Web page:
Matthew Spangler Reveals Strings behind Shah’s Puppet Regime
by Susan Dunn
Iran is headline news, and “All the Shah’s Men” dives into the 1950s history of how we got to where we are today with this volatile nation. By re-enacting a 1953 U.S.-instigated regime change, Arabian Shakes challenged me to figure out who were the villains in the CIA’s “Operation Ajax,” and who they are today.
“Ajax” was the first political coup by a fledgling CIA organization. carried out surreptitiously against a popular democratic and nationalist government in Iran. Other such coups were to follow elsewhere. Ironically, after protecting democracy in WWII, the US caved in to strong men and monarchs, as we juggled a fear of Communism, the lure of Iranian oil, and longstanding diplomatic bonds with Britain, a co-conspirator. The toxic fallout from the U.S. coup soured our Iranian relations for decades and is still at play today, making “All the Shah’s Men” a front-page story.
I was drawn into this complex narrative through fine acting and deft direction in the tiny Royce Gallery stage. With a bare-bones set and actors playing multiple roles, I saw and heard just enough of the coup details to feel the high-stakes tension. Ambitious CIA agent Kermit Roosevelt, Jr. (single-minded Christian Haines) leads the mission. Roosevelt gets his reports from Mustafa, his sly Iranian hired aide (mesmerizing Farshad Farahat).
By instigating this risky coup, Kermit banks on living up to his stick-carrying iconic grandfather, Teddy Roosevelt. The action begins with a terrifying defeat in toppling the target, the Iranian Prime Minister Mohammad Mosaddegh. Kermit ignores his recall to the States and takes a daring new strategy to a resounding victory. He bribes Persian officials and hires thugs and anarchists to topple a regime that even the United Nations was supporting. Result: the Prime Minister is arrested, replaced by a puppet, and the weak Shah is handed the reins of power. Is Kermit a hero or a villain?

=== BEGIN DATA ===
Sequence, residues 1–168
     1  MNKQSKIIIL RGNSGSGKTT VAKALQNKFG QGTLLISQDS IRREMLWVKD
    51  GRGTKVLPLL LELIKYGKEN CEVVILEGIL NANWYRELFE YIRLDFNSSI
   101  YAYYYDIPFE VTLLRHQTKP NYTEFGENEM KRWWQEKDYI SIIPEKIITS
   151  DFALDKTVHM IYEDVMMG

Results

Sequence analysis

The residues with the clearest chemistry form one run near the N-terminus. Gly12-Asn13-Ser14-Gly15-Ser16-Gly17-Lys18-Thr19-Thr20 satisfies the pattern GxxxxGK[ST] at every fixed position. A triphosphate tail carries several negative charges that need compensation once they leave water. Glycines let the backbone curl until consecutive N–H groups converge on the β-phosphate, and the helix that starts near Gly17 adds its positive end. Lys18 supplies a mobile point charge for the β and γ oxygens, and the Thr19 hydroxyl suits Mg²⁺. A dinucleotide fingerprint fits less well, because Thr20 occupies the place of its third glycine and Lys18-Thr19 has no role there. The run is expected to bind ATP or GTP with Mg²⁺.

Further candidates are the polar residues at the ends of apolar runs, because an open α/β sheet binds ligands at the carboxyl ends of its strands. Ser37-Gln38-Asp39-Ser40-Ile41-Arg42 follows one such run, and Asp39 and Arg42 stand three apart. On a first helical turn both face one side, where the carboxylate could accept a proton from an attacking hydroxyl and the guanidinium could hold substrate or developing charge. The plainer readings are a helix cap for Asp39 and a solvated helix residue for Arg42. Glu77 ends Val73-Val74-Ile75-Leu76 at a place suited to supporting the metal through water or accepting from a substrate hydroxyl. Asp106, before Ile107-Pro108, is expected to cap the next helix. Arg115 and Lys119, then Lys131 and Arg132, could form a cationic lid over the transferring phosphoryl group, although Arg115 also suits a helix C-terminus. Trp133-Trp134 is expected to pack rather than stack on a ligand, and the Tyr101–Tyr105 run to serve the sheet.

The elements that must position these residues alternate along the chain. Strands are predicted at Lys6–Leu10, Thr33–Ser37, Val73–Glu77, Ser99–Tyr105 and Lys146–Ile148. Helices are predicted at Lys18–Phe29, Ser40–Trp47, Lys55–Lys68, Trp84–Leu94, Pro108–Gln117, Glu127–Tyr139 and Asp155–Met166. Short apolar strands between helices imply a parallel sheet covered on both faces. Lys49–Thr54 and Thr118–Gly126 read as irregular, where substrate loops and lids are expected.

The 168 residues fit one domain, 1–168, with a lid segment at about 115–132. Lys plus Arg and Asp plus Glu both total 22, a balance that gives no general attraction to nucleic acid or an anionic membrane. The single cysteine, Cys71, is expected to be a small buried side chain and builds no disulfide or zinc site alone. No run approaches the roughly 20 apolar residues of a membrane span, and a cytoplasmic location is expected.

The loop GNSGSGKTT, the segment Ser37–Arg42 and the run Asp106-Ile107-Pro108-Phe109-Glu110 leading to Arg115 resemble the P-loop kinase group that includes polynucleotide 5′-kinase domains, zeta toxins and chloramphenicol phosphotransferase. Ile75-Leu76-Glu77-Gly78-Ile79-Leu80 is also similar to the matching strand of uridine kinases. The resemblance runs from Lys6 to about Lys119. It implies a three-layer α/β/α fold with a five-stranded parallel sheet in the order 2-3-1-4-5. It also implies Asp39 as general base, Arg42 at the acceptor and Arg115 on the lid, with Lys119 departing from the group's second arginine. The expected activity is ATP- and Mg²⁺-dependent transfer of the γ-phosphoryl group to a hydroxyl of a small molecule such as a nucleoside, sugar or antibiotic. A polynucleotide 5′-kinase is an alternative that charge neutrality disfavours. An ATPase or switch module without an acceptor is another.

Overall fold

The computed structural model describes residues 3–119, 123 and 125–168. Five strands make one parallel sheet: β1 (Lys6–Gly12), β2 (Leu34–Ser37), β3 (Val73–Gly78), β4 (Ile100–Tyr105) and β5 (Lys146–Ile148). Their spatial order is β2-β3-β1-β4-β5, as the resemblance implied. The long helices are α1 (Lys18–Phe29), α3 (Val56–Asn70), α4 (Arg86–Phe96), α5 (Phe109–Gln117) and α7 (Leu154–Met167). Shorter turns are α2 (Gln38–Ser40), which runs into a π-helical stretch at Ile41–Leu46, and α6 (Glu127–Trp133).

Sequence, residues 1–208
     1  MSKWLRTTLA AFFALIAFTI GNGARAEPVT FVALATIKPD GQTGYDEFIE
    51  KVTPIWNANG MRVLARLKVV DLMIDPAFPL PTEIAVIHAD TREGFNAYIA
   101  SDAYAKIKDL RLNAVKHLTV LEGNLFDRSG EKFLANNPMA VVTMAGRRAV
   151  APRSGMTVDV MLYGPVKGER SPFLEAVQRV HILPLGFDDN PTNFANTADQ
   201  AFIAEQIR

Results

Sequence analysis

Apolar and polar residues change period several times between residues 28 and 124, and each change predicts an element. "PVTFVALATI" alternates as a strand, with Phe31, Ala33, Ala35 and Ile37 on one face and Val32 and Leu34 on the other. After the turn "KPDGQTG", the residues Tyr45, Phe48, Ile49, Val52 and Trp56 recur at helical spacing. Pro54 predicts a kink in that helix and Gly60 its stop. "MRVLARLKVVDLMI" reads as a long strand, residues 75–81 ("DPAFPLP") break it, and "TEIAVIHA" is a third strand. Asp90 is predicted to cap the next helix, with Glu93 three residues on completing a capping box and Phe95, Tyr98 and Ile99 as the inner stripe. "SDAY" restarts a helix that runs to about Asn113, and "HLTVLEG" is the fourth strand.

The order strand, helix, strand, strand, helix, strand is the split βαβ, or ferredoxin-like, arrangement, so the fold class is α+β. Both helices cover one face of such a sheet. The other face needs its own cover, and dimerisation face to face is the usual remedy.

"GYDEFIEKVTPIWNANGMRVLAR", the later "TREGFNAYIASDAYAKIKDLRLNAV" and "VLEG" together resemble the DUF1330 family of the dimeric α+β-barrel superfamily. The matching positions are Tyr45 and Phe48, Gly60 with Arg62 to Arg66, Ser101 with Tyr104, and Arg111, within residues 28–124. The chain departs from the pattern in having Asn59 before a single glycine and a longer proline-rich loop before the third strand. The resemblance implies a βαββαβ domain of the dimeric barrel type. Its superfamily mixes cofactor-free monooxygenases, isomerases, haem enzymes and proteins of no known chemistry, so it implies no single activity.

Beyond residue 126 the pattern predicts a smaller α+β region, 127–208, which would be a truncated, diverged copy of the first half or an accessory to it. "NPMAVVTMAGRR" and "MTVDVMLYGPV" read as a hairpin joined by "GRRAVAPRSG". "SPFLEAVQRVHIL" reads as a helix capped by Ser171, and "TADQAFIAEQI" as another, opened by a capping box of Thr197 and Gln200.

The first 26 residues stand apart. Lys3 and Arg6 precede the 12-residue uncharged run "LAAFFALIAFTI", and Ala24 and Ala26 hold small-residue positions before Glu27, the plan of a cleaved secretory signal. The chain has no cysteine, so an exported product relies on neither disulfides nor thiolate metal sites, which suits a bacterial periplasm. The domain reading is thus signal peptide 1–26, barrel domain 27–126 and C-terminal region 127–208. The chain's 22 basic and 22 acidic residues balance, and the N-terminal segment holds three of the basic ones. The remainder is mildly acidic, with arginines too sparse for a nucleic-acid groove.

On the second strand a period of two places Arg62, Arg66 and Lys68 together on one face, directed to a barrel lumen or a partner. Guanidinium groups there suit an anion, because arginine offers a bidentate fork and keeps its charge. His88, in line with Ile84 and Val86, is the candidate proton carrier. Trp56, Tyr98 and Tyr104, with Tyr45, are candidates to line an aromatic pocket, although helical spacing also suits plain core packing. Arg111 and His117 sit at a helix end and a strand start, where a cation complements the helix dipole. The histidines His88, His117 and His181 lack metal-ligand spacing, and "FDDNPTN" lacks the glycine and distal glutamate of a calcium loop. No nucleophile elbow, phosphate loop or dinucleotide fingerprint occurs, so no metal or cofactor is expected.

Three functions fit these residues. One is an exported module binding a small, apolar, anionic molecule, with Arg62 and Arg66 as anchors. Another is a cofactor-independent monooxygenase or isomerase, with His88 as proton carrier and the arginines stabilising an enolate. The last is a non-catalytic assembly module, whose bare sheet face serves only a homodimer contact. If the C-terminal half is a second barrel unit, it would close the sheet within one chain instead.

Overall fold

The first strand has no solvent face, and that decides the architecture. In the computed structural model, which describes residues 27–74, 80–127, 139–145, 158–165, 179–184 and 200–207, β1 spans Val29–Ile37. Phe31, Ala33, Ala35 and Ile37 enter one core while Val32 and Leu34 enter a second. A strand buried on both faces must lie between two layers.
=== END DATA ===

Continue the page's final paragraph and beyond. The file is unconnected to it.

“All the Shah’s Men” succeeds in stringing the Operation Ajax highlights together into a comprehensible narrative in three ways: the stage action itself, a Narrator who breaks the fourth wall, and documentary projections of aroused Iranian citizens. Acting honors go to Farshad Farahat who embodies variously the Aide Mustafa, The Shah, the Prime Minister, and General Zahedi, who replaced the elected Prime Minister.
Farahat succeeds in engaging us with each character, while Christian Haines forcefully plays the lead role of Kermit. Annamarie MacLeod provides helpful narrative sections to stitch the scenes together. MacLeod, Ken Boswell, and William Brown brilliantly play CIA agents in Britain, Canadian diplomats, and U.S. embassy staff.
With Kermit Roosevelt, we relish his delicious power to ignore orders, act autonomously, and succeed against doubtful odds. He throws his ideals and personal scruples aside. Did the U.S. also throw away its ideals? “All the Shah’s Men” helps me understand the facts behind current US-Iranian tensions. The play engages with the interests of countries with a stake in Iran’s natural resources, its strategic position in the Near-East, and its volatile religious factions. If you love the dynamics of world events and political players, the exceptional Arabian Shakespeare Festival delivers the goods.
“All the Shah’s Men” by Matthew Spangler, directed by Vickie Rozell, at The Royce Gallery, San Francisco, through Sunday, May 20, 2018. Info: arabianshakespearefestival.org
Cast: Christian Haines, Farshad Farahat, William J. Brown III, Annamarie MacLeod, and Ken Boswell.
Banner photo: William J. Brown III and Christian Haines